Alongside this scoping process, the DBE was working in close collaboration with a team of researchers from SALDRU (University of Cape Town), RESEP (University of Stellenbosch), NORC (University of Chicago) and UNISA to establish early grade reading benchmarks for the Nguni languages[vi]. This work pulled together existing large scale reading assessment data from four different reading and literacy studies[vii] conducted between 2016 and 2019 to produce a dataset with multiple assessment points for nearly 16,400 unique learners across 660 no-fee schools. The approach to establishing benchmarks was guided by a combination of insights from the data, reading development theory, expert linguistic knowledge of the Nguni languages, and an understanding of curriculum demands and system realities. An outcome of the empirical work was methodological innovations that had several technical and contextual advantages over traditional benchmarking methods[viii].

In 2021, the DBE expanded the planned data collection for the ongoing Early Grade Reading Study in the North West province to provide data for the establishment of Setswana benchmarks. New data collection allowed for a rigorous design process for the assessment tools with multiple rounds of piloting. Researchers from SALDRU and RESEP worked closely with Setswana language specialists and the DBE to refine the tools and finalise the benchmarks[ix] At the same time, SALDRU and RESEP researchers compiled a dataset on English First Additional Language (EFAL) combining reading assessments for around 23,000 unique learners from over 900 schools across six studies[x]. These data were used to establish grade-specific EFAL reading benchmarks from Grade 2 through to the end of the Intermediate Phase (Grade 6)[xi]. The DBE then approached SALDRU researcher, Cally Ardington, in her role as principal investigator of evaluations of the Funda Wande literacy and numeracy interventions in Limpopo and the Western Cape. With funding from Funda Wande and the Zenex Foundation, planned data collection for the evaluations was broadened in scope to include Sepedi and Afrikaans benchmarking. Once again, new data collection allowed for a broad collaborative process involving Sepedi and Afrikaans language specialists, the DBE and SALDRU.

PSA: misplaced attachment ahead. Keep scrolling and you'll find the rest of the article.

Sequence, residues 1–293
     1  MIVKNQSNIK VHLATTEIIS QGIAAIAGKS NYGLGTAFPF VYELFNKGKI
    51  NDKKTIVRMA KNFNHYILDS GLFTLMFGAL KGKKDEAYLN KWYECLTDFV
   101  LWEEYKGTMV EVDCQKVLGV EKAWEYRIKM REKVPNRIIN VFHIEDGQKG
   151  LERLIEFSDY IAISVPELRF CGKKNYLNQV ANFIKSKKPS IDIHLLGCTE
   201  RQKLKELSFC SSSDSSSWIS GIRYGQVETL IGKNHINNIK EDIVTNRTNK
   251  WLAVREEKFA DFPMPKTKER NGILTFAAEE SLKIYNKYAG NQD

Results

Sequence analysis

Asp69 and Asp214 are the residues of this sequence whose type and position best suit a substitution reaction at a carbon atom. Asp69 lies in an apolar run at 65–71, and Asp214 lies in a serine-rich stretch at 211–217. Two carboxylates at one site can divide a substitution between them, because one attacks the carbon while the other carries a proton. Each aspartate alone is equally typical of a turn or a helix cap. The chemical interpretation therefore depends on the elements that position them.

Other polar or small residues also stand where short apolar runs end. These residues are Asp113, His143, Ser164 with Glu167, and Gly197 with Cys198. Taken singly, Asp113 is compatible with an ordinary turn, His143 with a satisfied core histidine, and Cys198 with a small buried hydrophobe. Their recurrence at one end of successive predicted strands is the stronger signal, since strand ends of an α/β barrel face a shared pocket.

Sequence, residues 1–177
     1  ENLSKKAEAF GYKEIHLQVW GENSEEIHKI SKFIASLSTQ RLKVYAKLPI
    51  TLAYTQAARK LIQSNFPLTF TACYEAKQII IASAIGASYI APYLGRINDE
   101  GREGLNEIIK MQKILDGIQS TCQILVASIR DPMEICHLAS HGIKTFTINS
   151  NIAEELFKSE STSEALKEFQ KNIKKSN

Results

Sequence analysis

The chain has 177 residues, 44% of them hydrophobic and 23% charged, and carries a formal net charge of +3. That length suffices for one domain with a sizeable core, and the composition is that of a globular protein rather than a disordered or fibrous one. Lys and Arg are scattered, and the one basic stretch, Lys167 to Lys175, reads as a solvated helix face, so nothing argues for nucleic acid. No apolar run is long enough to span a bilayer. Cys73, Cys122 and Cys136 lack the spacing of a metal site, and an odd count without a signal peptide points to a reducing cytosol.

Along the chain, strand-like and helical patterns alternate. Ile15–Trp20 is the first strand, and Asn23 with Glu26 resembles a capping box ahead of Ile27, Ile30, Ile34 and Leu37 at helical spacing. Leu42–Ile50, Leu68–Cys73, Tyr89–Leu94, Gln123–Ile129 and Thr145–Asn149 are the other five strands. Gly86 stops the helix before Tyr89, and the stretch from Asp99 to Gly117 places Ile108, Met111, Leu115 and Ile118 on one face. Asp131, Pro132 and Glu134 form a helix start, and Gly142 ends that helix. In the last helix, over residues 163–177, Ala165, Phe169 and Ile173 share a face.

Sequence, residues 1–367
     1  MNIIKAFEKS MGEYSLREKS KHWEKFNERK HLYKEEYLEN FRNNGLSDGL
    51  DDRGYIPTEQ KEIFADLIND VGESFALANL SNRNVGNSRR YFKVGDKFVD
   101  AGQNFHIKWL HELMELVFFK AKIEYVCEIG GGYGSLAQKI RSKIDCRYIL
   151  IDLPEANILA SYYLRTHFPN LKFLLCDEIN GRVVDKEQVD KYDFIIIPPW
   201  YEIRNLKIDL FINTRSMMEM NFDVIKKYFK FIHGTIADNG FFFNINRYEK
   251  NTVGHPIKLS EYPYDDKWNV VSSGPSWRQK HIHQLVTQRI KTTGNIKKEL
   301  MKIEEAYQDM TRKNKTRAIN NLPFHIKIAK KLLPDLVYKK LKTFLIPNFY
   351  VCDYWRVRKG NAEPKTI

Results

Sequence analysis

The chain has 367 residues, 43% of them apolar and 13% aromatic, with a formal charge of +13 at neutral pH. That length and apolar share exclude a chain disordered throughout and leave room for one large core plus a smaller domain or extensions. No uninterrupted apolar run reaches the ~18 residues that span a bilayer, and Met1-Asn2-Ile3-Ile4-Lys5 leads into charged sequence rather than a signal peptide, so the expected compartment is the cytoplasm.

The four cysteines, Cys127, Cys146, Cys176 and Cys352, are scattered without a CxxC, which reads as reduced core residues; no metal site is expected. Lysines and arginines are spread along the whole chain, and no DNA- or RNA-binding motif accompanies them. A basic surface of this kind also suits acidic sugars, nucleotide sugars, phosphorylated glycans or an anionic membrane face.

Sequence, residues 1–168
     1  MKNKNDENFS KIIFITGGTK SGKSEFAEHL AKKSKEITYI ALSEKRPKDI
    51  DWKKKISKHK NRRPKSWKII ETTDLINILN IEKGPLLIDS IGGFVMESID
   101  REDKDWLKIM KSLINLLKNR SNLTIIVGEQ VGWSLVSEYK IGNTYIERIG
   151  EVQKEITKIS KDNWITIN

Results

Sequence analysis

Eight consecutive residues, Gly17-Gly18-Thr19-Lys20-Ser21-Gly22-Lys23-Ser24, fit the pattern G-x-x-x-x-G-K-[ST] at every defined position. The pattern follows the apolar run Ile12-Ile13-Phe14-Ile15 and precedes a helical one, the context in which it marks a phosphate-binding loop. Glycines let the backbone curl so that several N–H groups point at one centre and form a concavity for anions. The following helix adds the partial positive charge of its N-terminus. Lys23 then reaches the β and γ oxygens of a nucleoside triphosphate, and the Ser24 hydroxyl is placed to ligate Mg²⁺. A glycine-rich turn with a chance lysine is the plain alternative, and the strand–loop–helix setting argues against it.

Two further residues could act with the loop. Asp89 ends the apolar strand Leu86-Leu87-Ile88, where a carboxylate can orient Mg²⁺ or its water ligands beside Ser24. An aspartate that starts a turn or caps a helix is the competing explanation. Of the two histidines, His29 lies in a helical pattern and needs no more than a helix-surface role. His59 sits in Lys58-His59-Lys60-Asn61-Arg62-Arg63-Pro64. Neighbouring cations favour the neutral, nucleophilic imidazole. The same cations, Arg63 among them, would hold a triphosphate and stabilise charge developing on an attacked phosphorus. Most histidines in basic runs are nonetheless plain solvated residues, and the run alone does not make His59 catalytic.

By the end of 2023, benchmarks for all South African languages will have been established and released by the DBE. Analysis for English Home Language has started, piloting in preparation for Xitsonga data collection is under way and funds are being raised for Tshivenda. Effective collaboration between government, funders, research organisations and African language specialists has not only accelerated the benchmarking agenda, but also resulted in methodological innovations, established best practices and supported capacity building. That said, the value of benchmarks lies in their use. With support from the Zenex Foundation and J-PAL Africa, SALDRU and the DBE are currently conducting a pilot study with teachers from 40 schools across four provinces to explore how best to support teachers in effectively using the newly established benchmarks in their classrooms.